The strange case of MZ-Tools 8.0 for VBA could not be loaded

Yesterday I got this error when loading my add-in MZ-Tools 8.0 for VBA:


I hate that error. The VBA and VB6 IDEs hide valuable information about why an add-in couldn’t be loaded. In Visual Studio you get at least a COM error number (the error message is almost always <Unknown error> for COM errors):


And you have this article of mine explaining most causes given an error number: HOWTO: Troubleshooting Visual Studio and Office add-ins.

But for VB6/VBA, you are clueless. I have got that error many times because my MZ-Tools add-in is supported in several IDEs using different approaches for registration for the end user (using a setup) and for myself during development/debugging (using PowerShell scripts for registration/unregistration).

For the end user (using a setup):

  • MZ-Tools 8.0 for VBA uses per-user COM-registration, not requiring admin rights to install, which is important for many Office users in corporate environments. Per-user COM registration works because Office doesn’t run with admin rights by default (an executable running elevated can not see per-user COM-registration, for security reasons).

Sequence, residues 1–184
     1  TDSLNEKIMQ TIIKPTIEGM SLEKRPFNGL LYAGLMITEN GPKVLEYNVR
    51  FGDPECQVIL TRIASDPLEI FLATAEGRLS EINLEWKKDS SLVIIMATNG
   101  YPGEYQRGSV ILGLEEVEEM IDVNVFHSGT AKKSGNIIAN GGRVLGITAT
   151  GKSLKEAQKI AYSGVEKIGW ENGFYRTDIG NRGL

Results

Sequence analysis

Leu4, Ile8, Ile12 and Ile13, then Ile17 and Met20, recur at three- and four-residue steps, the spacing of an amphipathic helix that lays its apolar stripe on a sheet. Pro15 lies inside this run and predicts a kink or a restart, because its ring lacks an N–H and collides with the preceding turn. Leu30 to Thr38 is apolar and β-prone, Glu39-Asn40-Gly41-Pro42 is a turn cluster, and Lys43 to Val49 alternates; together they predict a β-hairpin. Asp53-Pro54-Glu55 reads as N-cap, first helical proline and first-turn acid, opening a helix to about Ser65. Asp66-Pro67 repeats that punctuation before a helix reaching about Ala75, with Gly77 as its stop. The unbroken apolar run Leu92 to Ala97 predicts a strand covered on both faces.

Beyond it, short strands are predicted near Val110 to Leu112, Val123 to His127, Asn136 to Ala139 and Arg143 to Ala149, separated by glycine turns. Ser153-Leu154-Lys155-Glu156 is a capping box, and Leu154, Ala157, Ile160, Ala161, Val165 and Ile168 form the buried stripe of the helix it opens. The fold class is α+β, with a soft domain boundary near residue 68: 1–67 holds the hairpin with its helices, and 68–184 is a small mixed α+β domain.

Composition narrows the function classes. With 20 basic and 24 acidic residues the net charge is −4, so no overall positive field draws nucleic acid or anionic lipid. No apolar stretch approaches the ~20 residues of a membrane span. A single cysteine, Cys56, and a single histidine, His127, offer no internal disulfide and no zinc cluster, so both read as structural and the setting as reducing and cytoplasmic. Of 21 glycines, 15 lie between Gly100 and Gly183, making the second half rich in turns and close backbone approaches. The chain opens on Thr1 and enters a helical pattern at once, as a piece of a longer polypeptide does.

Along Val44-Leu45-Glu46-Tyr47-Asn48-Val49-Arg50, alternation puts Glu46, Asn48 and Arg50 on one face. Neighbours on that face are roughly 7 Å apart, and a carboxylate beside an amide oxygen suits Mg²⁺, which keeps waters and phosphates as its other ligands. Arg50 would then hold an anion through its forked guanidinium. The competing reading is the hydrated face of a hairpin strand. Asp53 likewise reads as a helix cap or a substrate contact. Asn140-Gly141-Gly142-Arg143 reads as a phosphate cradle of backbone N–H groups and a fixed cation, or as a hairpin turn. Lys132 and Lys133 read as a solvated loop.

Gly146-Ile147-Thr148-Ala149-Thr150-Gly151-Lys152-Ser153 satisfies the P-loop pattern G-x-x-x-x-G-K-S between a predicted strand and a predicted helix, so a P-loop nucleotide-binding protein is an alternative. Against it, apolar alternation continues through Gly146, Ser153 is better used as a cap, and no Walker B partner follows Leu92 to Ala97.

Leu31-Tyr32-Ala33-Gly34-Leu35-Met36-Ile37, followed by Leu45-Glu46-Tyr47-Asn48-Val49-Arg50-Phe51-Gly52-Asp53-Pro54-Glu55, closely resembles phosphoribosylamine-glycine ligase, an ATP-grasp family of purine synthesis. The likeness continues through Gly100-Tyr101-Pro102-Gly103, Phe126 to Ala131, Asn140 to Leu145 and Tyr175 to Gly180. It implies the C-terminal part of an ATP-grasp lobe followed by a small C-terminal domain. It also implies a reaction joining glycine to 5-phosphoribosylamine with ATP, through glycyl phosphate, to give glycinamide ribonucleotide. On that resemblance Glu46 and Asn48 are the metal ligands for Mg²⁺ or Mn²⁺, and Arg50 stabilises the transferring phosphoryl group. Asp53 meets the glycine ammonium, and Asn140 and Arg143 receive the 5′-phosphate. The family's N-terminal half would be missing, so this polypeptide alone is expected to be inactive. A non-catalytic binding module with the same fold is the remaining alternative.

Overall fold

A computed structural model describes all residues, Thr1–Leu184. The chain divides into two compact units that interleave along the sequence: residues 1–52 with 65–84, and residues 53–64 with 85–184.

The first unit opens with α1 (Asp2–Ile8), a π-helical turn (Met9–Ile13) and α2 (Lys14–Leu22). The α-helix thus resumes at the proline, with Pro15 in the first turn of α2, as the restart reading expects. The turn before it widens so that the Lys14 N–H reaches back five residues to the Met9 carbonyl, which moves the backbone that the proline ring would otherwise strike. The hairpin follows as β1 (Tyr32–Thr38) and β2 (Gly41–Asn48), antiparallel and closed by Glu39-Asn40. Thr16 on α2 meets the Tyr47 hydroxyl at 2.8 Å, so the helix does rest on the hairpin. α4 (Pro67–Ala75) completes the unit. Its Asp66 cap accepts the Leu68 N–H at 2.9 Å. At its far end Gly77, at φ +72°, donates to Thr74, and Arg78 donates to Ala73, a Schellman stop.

• MZ-Tools 8.0 for VB6/VB5 uses machine-wide COM-registration, requiring admin rights to install, because per-user COM-registration wouldn’t work since VB6 runs elevated by default (to be able to register ActiveX Dlls when compiling).

For development/debugging (using PowerShell scripts):

  • MZ-Tools 8.0 for VB6/VB5 uses machine-wide COM-registration, because of the reason explained above. That means that I must run Visual Studio always elevated, so it can launch vb6.exe for debugging without annoying prompts for elevation of Visual Studio with a restart.
  • MZ-Tools 8.0 for VBA uses also machine-wide COM-registration, because since I run Visual Studio always elevated, Office runs always elevated during debugging, and therefore per-user COM-registration wouldn’t work (remember, a process running elevated cannot see per-user COM-registration).